Dozens of people, including Utah District Attorney Sam Gill, took to the rotunda of the Utah state capitol to express support for medical marijuana reform legislation currently under consideration by the state government.
“I think the legislature in the 21st century can certainly come up with a pathway to prescription and access to medical marijuana, and we need to recognize our antiquated drug policies as a blanket policy is a failed policy,”
said Gill in an interview. “It does not capture the complexity of individuals who are in our community with medical needs.”
Both of the two bills under consideration by the state legislature would allow certain cannabis-derived products to be distributed in-state through the Utah Department of Agriculture and the Utah Department of Health. The bills differ, however, differ on which products distributors would be permitted to sell.
Gill was flanked by advocates who extolled the practical virtues of medical cannabis, with many offering personal stories as to how their lives were, or may have been, improved through the use of medical cannabis.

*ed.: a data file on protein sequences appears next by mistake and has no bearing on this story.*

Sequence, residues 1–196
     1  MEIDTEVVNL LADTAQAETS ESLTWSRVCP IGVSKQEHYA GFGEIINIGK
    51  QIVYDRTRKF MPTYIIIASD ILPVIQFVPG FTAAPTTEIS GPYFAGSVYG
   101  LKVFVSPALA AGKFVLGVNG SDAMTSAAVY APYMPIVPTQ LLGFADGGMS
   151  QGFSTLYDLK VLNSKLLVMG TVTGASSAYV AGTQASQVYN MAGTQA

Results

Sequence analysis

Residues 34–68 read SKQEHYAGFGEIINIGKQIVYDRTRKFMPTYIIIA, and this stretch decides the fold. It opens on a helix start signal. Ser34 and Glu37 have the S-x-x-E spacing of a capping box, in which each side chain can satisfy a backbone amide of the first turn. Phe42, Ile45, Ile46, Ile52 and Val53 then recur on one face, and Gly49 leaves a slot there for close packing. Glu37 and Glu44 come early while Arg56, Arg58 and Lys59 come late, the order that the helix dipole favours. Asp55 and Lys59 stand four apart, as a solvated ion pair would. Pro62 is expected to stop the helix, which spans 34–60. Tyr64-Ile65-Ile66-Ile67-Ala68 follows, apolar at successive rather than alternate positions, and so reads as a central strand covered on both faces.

“They are the faces and souls and hearts which we are criminalizing as a result of failed drug policy,”
“I will prosecute whoever you want me to prosecute, and I will put in jail whoever you want…But we all have to play a role when it comes to public policy, and I can tell you, from where I stand, these are not the faces of criminals and these are not the people I want to be prosecuting.”
Gill intimated that he could offer leniency in prosecuting an individual for marijuana possession if that person offered proof that the product was being used for treatment.
“We may offer a plea in abeyance,” he said. “We may say you won’t end up with a conviction and go through the processes that are available to you.”